Going Green and Conserving Water in Your Backyard

In recent years the go green initiative has been gaining ground into mainstream popularity. More and more people are making attempts at “going green” whether it is by carpooling to work or upgrading appliances at home to save on utility bills. While you think of all the energy vampires and electronics that you use every day in your home, you may not think of best practices to conserve water and energy in your backyard. Here are some options and tips for going green in your backyard.

Setting up your backyard for success

If you are re-arranging your backyard for the best possible way of conservation then draw it all out. Mapping out what plants go where is extremely important; not only for visual appearances but so you can efficiently water similar plants together. When mapping out your backyard you may want to consider having a sloping hill that will catch water at the bottom. Plants in this area would then be self-watered and need less effort from you to maintain them. 

Less of a backyard means less to maintain. By planning to build on a new deck to your house, choosing the right gazebo for your yard, or simply extending your house with a patio, you are leaving less area for maintenance and more for enjoyment. When you are cleaning your deck or patios never clean them off with a hose. Always brush them off with a broom to conserve water, or if you must, use a leaf blower.

If you live in an area that is prone to droughts like the West and Southwest, then planting native plants that need little to no water may be your best option for water conversation. If you do need to use plants that use water, group them together to get the most out of your water and to avoid excess watering if they were spread out. Another option in these areas of drought is using mulch and native landscapes throughout your yard instead of a grass lawn. Mulch helps to cool the soil and reduce evaporation when laid around trees and plants.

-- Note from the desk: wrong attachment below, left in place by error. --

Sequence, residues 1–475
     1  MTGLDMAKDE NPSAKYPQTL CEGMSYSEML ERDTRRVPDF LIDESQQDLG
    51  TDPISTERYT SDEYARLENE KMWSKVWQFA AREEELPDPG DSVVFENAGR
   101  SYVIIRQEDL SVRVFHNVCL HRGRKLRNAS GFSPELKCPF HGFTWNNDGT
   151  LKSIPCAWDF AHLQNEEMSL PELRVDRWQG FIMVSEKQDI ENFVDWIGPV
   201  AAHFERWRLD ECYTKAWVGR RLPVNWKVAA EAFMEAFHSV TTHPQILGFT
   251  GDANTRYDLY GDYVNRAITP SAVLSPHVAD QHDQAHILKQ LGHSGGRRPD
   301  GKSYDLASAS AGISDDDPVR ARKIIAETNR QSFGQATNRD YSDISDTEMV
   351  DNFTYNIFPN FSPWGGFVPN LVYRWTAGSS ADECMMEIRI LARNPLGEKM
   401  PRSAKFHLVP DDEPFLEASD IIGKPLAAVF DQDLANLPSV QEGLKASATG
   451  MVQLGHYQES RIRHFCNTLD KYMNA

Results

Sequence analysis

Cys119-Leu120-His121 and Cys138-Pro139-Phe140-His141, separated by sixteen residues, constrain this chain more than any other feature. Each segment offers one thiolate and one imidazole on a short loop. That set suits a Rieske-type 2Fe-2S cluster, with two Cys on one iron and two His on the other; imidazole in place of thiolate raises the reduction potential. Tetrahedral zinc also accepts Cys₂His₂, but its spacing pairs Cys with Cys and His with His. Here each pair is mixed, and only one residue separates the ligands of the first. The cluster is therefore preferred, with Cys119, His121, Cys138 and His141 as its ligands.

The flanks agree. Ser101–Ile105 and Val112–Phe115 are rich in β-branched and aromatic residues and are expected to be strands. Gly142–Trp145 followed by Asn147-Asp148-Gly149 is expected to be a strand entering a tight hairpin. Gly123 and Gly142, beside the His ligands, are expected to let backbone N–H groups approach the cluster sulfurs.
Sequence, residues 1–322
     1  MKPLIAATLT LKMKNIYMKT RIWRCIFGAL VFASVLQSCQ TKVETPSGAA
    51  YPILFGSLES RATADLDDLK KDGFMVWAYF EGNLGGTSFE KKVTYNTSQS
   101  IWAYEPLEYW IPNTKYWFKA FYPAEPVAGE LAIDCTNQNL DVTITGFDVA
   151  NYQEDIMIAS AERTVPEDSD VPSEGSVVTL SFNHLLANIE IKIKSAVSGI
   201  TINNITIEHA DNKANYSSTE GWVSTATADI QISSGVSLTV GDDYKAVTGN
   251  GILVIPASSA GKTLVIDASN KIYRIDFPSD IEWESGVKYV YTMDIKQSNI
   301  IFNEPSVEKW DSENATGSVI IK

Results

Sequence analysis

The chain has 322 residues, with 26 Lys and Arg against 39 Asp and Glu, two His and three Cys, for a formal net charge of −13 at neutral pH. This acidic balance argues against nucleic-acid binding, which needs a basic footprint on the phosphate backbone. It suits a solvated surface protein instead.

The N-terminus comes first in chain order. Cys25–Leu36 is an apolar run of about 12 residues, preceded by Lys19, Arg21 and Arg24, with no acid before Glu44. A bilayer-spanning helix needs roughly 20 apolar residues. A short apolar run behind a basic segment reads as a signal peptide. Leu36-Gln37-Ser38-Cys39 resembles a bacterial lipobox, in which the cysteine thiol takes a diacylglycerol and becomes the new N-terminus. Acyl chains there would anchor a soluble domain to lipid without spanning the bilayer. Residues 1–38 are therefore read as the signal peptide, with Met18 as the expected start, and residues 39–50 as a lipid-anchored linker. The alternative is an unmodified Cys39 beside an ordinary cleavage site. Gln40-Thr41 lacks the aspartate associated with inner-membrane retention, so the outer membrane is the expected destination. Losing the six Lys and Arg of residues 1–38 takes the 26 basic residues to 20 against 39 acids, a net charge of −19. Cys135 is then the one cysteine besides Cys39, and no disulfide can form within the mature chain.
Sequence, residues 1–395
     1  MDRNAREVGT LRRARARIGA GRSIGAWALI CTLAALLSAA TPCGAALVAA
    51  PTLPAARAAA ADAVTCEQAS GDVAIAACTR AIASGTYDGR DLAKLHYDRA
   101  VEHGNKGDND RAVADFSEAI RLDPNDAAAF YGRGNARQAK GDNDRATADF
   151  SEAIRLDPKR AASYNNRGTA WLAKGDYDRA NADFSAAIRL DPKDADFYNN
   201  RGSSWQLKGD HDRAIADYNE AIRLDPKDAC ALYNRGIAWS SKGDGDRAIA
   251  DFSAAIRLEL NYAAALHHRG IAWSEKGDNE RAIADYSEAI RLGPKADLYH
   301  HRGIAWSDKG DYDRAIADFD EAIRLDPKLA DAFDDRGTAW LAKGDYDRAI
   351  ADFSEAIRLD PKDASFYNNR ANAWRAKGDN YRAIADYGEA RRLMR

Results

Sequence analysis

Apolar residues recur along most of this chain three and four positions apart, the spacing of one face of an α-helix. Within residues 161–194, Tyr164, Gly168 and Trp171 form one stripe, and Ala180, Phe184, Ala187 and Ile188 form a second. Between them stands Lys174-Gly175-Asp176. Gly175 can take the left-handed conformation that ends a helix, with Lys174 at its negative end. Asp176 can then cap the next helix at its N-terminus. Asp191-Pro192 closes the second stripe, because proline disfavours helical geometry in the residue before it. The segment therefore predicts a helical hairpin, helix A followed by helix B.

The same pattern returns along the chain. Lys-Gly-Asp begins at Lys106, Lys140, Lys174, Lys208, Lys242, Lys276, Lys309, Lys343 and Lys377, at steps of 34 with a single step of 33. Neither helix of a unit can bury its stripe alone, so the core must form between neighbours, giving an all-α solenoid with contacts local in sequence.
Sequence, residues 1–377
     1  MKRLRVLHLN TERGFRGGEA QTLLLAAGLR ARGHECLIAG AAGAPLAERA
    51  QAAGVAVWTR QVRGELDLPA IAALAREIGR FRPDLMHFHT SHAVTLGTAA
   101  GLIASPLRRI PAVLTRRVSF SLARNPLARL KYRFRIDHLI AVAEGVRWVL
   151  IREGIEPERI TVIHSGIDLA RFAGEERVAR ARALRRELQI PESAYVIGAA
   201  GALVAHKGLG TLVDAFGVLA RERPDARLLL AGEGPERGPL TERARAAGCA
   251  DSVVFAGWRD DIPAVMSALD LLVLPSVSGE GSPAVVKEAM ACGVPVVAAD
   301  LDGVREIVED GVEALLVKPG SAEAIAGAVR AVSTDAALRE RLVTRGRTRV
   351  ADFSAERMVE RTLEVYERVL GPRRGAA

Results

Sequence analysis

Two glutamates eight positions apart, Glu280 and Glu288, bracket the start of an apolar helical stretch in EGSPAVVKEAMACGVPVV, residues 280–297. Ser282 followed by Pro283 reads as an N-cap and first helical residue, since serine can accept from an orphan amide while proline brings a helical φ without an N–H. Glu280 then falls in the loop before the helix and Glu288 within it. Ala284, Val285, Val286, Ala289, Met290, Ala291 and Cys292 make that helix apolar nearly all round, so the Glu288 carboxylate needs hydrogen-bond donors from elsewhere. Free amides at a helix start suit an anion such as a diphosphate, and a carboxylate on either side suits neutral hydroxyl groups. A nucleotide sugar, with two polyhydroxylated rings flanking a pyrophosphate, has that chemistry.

Effective watering systems to work smarter, not harder

A common practice for green gardeners is the use of rain barrels. Rain barrels can be installed to catch water runoff from drains and collected for later use. Hoses and nozzles can be inserted to the barrel allowing you to water nearby plants. Of course you should always enclose your rain barrel to deter from insects and pests as well as reduce evaporation.

Another option is installing a drip irrigation system. Drip irrigation systems can be used for both for flower and plant gardens as well as food and vegetable gardens. Essentially a drip irrigation system is a hose with tiny holes spread out along the hose for water to escape and slowly drip and water the soil. This conserves more water than a sprinkler as much more water is wasted because of evaporation of the droplets or not getting water directly to the root as a drip irrigation system can.  Pro tip: setup a timer so that your drip irrigation system runs at the best time of the day and doesn’t require you to remember to water a garden or plants. Soaker hoses may be used in a drip irrigation system as they slowly emit water to plant roots. They can be installed on top of the ground or be buried underneath it to reach the root faster.